International credit rating agency Moody’s has withdrawn the credit ratings for Bank of Valletta (BOV), Business Today has learnt.
The announcement was made by Moody’s Investors’ Service in a statement issued on Monday.
Moody’s had been rating BOV since August 1997.
Moody’s explained that the decision to withdraw its credit rating was taken for “business reasons”.
The credit rating agency said that the decision to withdraw BOV’s rating was taken “with the consent of both parties” and did not reflect on the bank’s creditworthiness.
Asked by Business Today to elaborate more about the term “business reasons”, Elena Panayiotou, the analyst who took care of the BOV ratings, told this newspaper:
“Under certain circumstances, Moody’s will withdraw a rating for an issuer or an obligation for reasons unrelated to the adequacy of information, or bankruptcy or reorganization status of the credit.
“When this occurs, Moody’s will balance the market need for a rating against the resources required to maintain and monitor a rating,” the Moody’s analyst told Business Today.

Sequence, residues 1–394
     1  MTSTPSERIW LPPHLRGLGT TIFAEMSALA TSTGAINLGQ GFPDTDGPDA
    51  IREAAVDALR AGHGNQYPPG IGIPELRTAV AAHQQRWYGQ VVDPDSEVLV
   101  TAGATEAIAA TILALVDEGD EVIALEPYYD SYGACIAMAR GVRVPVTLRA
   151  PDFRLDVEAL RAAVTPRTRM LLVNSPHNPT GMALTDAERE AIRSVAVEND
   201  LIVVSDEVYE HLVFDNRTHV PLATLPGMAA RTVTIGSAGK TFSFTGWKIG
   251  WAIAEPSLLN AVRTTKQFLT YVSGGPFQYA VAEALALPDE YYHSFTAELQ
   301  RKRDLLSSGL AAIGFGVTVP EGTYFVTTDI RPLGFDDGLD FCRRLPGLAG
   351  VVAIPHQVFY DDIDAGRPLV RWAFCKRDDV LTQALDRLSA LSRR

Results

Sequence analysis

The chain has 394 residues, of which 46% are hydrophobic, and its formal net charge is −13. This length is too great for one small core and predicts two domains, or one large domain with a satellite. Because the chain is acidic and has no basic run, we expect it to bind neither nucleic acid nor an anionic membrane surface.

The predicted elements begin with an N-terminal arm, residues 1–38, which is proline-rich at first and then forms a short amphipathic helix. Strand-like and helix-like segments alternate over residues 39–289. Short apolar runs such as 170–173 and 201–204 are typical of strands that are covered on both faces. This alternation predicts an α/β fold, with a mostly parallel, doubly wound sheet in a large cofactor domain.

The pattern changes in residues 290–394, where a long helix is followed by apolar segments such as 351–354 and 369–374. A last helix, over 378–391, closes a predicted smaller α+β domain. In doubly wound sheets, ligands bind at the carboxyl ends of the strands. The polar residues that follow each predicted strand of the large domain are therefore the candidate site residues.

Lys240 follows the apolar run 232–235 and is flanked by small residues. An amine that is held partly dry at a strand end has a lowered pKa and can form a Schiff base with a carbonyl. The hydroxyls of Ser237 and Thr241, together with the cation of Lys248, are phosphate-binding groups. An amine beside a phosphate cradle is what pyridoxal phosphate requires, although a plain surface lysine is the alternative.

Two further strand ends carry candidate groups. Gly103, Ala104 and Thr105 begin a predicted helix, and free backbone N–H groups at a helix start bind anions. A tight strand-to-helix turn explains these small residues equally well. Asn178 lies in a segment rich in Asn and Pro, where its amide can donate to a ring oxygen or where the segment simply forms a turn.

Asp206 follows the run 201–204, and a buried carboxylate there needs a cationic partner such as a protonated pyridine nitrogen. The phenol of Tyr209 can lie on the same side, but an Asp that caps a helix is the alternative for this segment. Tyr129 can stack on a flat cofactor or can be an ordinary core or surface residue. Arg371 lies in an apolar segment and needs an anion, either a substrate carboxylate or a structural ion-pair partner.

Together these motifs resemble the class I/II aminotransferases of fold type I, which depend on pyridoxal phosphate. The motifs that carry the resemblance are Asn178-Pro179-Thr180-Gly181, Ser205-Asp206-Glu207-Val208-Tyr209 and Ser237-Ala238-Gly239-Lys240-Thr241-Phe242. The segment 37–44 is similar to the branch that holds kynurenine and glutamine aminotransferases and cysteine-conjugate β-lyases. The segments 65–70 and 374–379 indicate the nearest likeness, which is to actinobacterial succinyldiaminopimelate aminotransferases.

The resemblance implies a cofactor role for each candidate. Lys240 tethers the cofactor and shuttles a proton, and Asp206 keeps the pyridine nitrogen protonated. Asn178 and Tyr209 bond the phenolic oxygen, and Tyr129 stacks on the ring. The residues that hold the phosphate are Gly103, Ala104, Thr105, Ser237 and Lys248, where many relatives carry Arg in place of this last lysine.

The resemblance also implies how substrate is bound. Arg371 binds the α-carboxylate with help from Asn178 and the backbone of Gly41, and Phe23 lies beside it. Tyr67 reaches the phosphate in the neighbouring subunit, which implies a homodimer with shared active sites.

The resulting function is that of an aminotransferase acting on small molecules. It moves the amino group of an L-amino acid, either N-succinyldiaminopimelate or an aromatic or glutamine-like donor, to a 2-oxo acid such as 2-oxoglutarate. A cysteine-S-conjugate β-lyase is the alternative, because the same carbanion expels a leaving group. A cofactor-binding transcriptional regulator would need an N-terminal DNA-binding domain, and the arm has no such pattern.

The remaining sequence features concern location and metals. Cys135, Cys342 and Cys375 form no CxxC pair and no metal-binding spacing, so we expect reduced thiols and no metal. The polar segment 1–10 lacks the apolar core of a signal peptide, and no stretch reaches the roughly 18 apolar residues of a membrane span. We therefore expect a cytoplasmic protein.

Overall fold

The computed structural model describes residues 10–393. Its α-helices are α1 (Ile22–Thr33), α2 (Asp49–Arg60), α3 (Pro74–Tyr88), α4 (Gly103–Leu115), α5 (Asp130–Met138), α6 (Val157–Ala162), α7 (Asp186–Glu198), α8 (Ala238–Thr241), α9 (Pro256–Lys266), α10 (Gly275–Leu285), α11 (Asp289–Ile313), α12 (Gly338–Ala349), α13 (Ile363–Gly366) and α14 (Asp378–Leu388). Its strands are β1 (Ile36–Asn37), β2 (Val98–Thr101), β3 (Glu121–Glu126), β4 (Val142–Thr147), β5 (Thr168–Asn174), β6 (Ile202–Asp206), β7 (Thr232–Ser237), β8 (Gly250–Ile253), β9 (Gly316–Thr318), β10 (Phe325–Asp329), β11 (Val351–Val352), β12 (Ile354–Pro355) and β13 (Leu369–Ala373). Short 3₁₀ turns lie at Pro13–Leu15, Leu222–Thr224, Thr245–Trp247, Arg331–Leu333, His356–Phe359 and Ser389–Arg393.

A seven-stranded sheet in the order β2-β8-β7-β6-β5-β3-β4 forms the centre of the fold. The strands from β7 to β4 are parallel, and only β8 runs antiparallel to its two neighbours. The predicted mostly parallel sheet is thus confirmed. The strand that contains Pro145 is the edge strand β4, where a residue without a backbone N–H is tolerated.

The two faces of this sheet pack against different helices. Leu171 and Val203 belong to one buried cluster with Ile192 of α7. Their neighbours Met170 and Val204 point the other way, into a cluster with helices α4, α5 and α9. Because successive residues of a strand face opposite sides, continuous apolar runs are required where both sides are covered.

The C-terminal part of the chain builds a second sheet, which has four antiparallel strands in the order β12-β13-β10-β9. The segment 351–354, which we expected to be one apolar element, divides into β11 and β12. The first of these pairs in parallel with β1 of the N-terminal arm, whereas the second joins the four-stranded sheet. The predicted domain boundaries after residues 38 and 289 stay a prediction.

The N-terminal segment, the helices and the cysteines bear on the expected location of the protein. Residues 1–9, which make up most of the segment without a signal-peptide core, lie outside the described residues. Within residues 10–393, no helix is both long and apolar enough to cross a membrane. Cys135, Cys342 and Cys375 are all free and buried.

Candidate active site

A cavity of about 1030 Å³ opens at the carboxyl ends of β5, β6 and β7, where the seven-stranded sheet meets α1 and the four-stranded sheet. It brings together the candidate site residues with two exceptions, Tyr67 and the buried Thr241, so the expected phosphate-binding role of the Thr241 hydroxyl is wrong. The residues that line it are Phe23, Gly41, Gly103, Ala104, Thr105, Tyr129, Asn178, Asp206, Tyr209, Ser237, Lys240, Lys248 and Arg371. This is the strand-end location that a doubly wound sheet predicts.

In the same rating action, the rating agency had also lowered the bank’s senior unsecured debt to Baa1 from A3. The bank’s BFSR had been affirmed at D+.
BOV had consolidated total assets of €6.216 billion as at the end of September 2009.
The announcement came only a few days after BOV announced its financial results for Financial Year 2008-2009, which ended on 31 September 2009.
BOV made a profit after taxation of €60,149 million in the FY ending 31 September 2009 as against a profit of €26,283 million in the previous financial year.
BOV Group made a profit after taxation of €49,415 million as against a profit of 26,283 million in the previous financial year.
On 5 November 2008, Moody’s had lowered the bank’s long-term and short-term local and foreign currency ratings to Baa1/Prime 2 from A3/Prime 1.